A Ukrainian Energiewende could go a long way to resolving the current geopolitical crisis around the country, writes Oleg Savitsky of the National Ecological Centre of Ukraine in a new report for the Succow Stiftung. According to Savitsky, it would reduce Ukraine’s dependence on Russian gas and uranium as well as on coal from the breakaway regions, while at the same time reducing pollution, greenhouse gas emissions and the risk of a nuclear disaster. It would also help to combat corruption and usher in economic growth and a more equitable society. Savitsky calls on the EU and Germany to set up a “Marshall Plan” to bring about a Ukrainian energy transition, rather than trying to maintain Ukraine as a failed gas transit state.
Oleg Savitsky, a climate and energy campaigner, has written a devastating analysis of the current state of the Ukrainian energy system for the Succow Stiftung, a German foundation working to preserve the natural heritage in Eastern Europe (the former Soviet bloc). Currently, Ukraine’s power capacity is dominated by thermal power plants (49%) and nuclear plants (27%).
A number of these nuclear plants operate well beyond their designed lifetime and represent a threat to the entire European continent, notes Savitsky. Ukraine is of course the home of Chernobyl, the scene of the worst nuclear accident ever to happen in Europe. For their operation, the Ukrainian nuclear plants also depend partially on Russian uranium.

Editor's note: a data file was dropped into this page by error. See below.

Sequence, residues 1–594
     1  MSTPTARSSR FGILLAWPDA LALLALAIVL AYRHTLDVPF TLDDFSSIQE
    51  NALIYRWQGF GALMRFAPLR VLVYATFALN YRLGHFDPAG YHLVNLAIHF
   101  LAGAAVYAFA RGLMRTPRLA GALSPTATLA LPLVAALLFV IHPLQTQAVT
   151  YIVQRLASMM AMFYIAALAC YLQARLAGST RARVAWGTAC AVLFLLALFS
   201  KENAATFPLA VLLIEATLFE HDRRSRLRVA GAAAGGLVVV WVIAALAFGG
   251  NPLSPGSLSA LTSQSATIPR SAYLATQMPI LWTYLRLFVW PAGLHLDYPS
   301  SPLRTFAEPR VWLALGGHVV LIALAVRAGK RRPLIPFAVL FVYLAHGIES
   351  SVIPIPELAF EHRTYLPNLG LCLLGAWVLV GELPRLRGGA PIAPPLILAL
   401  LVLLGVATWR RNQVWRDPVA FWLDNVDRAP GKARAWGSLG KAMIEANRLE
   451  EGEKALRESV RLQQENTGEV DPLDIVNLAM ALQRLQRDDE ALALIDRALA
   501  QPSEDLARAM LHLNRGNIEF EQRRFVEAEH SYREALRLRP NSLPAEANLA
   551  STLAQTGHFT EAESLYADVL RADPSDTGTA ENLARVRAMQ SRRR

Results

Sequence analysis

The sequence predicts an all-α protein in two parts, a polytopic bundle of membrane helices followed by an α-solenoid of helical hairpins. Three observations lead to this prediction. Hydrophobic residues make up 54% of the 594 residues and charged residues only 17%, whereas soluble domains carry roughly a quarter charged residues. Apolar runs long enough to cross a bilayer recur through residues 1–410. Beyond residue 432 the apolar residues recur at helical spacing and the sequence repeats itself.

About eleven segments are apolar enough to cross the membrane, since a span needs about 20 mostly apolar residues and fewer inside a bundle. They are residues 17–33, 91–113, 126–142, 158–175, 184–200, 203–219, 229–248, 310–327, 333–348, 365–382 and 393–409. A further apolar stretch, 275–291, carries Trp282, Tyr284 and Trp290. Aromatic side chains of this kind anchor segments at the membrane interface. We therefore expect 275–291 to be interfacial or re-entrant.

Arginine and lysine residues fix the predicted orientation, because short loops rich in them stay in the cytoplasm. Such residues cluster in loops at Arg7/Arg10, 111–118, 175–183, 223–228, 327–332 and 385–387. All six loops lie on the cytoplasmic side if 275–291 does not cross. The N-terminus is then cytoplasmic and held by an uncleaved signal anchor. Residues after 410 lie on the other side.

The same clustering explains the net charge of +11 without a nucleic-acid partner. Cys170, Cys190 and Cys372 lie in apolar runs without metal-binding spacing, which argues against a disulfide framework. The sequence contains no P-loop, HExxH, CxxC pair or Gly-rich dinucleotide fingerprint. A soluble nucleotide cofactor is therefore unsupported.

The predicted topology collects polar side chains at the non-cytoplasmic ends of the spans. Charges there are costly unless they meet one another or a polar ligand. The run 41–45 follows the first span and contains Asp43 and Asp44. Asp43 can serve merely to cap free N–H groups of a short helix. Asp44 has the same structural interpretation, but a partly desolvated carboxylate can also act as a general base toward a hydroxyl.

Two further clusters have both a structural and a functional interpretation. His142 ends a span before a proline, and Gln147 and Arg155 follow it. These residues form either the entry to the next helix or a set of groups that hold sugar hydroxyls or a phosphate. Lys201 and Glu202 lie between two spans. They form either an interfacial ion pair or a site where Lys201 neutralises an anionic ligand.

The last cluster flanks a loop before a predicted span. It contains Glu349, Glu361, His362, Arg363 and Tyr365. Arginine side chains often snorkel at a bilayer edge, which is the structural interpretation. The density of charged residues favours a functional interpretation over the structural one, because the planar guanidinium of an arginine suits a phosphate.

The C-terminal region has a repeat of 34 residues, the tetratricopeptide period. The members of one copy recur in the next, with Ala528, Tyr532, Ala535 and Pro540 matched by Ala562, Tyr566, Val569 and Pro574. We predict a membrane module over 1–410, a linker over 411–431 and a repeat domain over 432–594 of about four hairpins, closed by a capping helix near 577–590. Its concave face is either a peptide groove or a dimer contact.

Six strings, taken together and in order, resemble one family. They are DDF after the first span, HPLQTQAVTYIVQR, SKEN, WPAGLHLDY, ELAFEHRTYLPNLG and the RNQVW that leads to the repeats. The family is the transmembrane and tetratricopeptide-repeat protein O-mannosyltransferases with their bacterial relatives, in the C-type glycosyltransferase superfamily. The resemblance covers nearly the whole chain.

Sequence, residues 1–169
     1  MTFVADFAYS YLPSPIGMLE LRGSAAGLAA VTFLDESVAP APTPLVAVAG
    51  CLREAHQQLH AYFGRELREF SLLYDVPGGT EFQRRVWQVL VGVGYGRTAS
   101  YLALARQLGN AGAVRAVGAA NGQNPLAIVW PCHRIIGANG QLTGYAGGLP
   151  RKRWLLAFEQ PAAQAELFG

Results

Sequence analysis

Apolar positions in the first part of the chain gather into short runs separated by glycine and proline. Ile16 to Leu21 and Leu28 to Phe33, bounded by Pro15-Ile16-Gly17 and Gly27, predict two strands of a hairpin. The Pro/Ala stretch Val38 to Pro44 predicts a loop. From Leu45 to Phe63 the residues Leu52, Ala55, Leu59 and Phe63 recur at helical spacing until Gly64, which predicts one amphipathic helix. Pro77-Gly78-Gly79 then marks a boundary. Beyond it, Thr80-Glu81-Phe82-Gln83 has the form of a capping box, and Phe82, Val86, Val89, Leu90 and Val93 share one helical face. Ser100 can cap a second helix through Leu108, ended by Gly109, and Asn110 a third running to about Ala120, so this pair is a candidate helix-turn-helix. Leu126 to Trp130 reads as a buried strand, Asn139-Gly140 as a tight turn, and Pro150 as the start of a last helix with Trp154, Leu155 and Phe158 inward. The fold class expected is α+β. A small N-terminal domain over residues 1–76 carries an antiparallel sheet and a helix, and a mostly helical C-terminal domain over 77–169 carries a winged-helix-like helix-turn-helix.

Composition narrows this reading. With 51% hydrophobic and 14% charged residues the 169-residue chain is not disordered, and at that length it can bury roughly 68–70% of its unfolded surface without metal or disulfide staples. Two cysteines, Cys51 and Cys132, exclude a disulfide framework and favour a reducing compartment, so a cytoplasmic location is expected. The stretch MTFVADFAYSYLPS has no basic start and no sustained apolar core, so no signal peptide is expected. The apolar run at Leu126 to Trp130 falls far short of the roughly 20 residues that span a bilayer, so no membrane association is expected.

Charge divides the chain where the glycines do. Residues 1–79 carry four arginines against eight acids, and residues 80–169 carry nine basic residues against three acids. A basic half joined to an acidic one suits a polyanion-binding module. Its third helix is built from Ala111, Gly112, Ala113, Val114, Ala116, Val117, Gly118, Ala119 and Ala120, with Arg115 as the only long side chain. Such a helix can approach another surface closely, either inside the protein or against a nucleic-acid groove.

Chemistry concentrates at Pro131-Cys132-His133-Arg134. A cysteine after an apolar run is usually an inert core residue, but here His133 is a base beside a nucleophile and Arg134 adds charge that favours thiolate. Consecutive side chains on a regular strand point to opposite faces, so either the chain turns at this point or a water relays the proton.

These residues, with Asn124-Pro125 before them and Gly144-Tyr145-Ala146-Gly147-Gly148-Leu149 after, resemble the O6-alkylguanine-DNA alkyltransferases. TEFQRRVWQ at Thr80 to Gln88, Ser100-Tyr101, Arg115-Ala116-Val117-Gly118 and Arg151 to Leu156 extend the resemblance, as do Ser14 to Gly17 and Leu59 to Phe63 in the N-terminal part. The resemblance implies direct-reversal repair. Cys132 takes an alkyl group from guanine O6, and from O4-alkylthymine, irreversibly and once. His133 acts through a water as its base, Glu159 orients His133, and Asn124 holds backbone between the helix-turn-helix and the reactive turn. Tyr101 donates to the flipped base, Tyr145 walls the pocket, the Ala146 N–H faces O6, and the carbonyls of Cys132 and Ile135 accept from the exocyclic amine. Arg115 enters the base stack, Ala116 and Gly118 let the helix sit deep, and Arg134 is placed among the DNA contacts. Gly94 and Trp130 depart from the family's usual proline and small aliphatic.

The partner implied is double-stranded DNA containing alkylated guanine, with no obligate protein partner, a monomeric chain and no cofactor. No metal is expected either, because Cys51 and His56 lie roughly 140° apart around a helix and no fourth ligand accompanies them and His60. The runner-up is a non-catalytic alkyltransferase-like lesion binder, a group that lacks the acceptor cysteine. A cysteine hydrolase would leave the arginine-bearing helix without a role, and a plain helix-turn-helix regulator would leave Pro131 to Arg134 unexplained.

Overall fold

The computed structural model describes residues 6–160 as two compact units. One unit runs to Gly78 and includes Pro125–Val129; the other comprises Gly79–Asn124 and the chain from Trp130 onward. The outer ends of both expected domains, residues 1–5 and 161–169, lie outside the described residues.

Ukraine’s coal capacity was mostly commissioned in the 1960s and lacks even basic pollution control, writes Savitsky: “Under EU regulations, most, if not all of coal plants, would not be permitted to operate due unacceptable levels of pollution. Still, a number of them are supplying electricity for exports to the EU.”
What is more, Ukraine obtains most of its coal from the breakaway regions in the East that are now under Russian control. “While gas and nuclear dependences have been weakened thanks to reverse gas flows from Europe and new supplies of nuclear fuel from Westinghouse Corporation, coal dependence is only aggravating and needs to be addressed as soon as possible”, notes Savitsky. “Every ton of coal supplies from non-controllable territories is feeding corruption in Ukraine and handing cash to terrorist regimes in noncontrolled territories, motivating them to use forced labor in make-shift coal mines and aggravating the perilous situation with human rights in Donbass region even further…